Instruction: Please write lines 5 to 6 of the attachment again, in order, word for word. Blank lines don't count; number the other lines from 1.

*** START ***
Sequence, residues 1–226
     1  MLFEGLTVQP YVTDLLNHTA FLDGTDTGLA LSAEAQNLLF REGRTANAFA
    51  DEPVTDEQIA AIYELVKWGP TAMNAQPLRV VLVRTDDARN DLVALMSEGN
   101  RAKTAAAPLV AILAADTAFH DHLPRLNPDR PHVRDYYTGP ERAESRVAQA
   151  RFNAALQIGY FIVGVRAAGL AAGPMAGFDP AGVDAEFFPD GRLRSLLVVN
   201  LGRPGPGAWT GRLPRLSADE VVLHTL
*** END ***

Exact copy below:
   151  RFNAALQIGY FIVGVRAAGL AAGPMAGFDP AGVDAEFFPD GRLRSLLVVN
   201  LGRPGPGAWT GRLPRLSADE VVLHTL